Philip Gucker

Essential English Grammar

    b0085248988has quoted4 months ago
    The word there in such a construction is called an expletive (something that fills out the sentence
    b0085248988has quoted4 months ago
    Declaratave, Interrogative, Imperative, and Exclamatory Sentences1
    arturogomghas quoted6 months ago
    stated or declared something
    arturogomghas quoted6 months ago
    is the best teacher
    arturogomghas quoted6 months ago
    The possibility of a voyage to the moon
    arturogomghas quoted6 months ago
    have become very important in the U.N.
    arturogomghas quoted6 months ago
    for weak hitting
    arturogomghas quoted6 months ago
    or emphasis or variety, we put the predicate first
    Faizahas quoted2 years ago
    Draw a single line under any word that belongs with the subjec
    Fkh chaoshas quoted3 years ago
    However, when the appositive is simple and very closely related to its governing word, no punctuation is used:
    My friend Bob has a new car.
    We all went to see it.
    Fkh chaoshas quoted3 years ago
    Dashes may be used when the appositive phrase is long, or is separated from its governing word:
    Only one passenger in the entire bus load—a tall, pale gentleman in clerical garments—seemed unperturbed by the incident
    Fkh chaoshas quoted3 years ago
    Actually these constructions are similar in one respect: they are the equivalent of phrases with the preposition of. Compare: the hat of the woman, the command of the sergeant, the pursuers of Drake, a delay of an hour, etc. That is the test you should use when you put an s at the end of a word, to determine whether the sense is plural or possessive ‘—or both.
    Fkh chaoshas quoted3 years ago
    an hour’s delay, a day’s journey, a week’s vacation
    yesterday’s newspaper, duty’s call, for pity’s sake
    Fkh chaoshas quoted3 years ago
    The name of a particular person, place, or thing is called a proper noun. The first letter of such a word is capitalized.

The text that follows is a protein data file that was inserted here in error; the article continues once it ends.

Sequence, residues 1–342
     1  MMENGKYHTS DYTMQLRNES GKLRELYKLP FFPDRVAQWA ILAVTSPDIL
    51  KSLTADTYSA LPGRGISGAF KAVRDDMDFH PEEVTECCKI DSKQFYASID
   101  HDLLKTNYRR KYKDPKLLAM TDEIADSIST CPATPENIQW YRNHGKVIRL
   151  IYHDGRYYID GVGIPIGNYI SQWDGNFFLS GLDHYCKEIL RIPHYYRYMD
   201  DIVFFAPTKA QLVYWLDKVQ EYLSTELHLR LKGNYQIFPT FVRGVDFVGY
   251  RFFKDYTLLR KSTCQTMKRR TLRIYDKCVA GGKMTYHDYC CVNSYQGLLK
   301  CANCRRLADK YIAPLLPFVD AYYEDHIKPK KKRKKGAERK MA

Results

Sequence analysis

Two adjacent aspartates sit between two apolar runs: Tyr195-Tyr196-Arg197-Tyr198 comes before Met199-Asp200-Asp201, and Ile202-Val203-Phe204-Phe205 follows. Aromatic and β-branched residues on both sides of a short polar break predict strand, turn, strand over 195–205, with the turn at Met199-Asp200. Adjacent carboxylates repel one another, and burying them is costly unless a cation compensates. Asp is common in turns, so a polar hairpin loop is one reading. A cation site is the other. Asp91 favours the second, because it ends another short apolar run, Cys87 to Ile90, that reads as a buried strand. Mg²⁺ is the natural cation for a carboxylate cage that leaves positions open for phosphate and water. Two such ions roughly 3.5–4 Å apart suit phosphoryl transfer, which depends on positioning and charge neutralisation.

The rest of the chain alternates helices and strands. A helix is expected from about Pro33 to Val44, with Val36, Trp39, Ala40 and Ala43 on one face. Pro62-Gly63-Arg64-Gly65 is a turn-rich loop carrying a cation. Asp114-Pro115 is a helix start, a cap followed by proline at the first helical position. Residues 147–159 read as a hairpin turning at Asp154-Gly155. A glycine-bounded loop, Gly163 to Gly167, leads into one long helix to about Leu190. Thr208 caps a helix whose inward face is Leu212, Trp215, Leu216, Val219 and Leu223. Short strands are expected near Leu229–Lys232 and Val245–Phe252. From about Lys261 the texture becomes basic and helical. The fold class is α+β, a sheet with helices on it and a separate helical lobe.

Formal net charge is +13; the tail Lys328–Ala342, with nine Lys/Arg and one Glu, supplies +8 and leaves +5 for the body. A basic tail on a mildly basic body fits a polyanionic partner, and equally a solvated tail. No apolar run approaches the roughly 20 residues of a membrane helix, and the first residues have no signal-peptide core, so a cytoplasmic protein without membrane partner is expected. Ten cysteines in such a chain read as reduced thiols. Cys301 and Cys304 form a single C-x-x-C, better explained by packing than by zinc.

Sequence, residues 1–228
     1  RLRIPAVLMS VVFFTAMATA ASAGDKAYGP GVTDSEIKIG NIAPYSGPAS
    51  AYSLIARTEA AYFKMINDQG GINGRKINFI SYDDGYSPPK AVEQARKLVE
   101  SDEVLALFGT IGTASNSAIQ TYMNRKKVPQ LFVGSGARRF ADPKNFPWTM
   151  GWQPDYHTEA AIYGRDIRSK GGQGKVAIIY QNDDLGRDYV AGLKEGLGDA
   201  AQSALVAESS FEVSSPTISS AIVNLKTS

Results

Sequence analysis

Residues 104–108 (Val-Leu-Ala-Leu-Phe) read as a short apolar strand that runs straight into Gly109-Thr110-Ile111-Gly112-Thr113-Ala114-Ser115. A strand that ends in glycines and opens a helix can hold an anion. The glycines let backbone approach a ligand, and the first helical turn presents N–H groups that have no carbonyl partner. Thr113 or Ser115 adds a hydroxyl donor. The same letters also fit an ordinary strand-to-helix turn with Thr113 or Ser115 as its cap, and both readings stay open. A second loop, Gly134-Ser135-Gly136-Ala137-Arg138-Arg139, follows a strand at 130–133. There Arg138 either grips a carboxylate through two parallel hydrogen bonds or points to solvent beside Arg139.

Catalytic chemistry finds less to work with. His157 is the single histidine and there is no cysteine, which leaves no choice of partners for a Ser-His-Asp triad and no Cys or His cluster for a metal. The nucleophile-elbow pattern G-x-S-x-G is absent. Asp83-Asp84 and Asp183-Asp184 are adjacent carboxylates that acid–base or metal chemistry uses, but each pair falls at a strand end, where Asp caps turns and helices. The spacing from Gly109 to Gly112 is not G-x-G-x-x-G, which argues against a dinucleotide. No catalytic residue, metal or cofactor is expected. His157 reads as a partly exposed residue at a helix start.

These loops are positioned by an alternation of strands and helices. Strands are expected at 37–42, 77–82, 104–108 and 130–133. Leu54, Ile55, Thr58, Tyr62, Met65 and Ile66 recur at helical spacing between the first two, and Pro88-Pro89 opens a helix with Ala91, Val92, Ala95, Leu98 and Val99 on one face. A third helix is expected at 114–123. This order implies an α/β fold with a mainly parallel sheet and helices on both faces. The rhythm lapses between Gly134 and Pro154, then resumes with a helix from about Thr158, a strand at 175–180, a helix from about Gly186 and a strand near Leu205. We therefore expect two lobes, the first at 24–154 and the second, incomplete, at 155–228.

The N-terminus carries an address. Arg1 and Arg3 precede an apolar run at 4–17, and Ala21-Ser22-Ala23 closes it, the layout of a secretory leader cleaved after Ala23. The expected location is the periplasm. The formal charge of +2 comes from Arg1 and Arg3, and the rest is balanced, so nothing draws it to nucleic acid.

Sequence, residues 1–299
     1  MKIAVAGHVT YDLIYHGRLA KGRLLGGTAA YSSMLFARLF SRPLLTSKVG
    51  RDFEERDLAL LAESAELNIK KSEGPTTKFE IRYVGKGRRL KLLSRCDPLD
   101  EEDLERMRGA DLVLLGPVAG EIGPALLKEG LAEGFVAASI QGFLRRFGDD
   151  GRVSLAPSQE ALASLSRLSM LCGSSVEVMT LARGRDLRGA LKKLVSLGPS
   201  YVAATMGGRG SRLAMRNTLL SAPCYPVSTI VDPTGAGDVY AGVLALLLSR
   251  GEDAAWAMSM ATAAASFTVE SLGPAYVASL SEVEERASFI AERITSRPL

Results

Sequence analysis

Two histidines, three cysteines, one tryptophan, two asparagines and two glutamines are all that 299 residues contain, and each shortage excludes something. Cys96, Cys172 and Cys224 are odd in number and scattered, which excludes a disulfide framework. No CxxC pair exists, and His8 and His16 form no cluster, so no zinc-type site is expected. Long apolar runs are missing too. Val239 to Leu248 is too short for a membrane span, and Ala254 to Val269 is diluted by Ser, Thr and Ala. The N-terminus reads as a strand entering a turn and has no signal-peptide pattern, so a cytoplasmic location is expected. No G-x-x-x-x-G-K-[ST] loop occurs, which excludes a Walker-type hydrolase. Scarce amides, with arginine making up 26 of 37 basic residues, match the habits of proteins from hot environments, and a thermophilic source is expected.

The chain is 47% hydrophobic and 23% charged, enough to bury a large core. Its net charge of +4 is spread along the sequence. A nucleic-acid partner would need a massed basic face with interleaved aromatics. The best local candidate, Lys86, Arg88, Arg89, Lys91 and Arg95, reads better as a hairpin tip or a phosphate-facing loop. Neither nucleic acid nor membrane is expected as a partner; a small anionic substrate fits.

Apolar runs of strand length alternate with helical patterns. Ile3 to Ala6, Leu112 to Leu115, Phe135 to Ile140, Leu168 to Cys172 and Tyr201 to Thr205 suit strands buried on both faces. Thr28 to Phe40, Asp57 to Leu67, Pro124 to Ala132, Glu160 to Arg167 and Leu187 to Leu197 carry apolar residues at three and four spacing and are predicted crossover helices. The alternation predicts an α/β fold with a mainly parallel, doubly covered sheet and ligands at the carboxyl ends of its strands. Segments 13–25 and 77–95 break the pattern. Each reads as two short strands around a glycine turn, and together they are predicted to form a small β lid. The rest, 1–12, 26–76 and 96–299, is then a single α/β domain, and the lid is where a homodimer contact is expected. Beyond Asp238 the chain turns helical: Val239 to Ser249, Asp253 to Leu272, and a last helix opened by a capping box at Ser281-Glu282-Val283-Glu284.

Capitalize people’s names, names of political and geographical places, names of particular buildings or streets or events, languages, nationalities, or religions. The list of illustrations will help you to distinguish between the particular and the general:
    North America
    a large continent
    Hyde Park High School
    in high school
    Wagner College
    a college graduate
    St. Luke’s Hospital
    in the hospital
    the Middle West
    traveling west
    the Far East
    east of the river
    American Indians
    The President addressed Congress
    the president of my club
    Roman Catholic
    becoming a priest
    Capitalize references to the Deity and the Bible: God, Old Testament; but the Greek gods, sacred books of the Hindus.
    Capitalize names of planets or constellations, but not the sun, the moon, or the earth: Mars, Saturn, the Big Dipper, stars, planets.
    Capitalize days of the week and names of months, but not names of seasons: Wednesday, December, summer, winter
    Fkh chaoshas quoted3 years ago
    Another distinction is that nouns can be modified by articles and adjectives: my boy, the junior college, an easy life. Pronouns generally do not take such modifiers.
    Fkh chaoshas quoted3 years ago
    it is never a verb. However, it is derived from a verb, and it looks something like a verb.
    Fkh chaoshas quoted3 years ago
    The argument that he presented was not convincing. (adjective clause)
    His final argument, that women are more inclined to violence, was not convincing. (noun clause)
    Fkh chaoshas quoted3 years ago
    Do you need George any more than (you do) me?
    Do you need George any more than I (do) ?
    Fkh chaoshas quoted3 years ago
    The difference is in the degrees of formality: Drive slow. Advance slowly.
    Fkh chaoshas quoted3 years ago
    Further-furthest can be used for all purposes; farther-farthest only for physical distance: “It’s just a few steps further (or farther),” “We have no further recommendations.”
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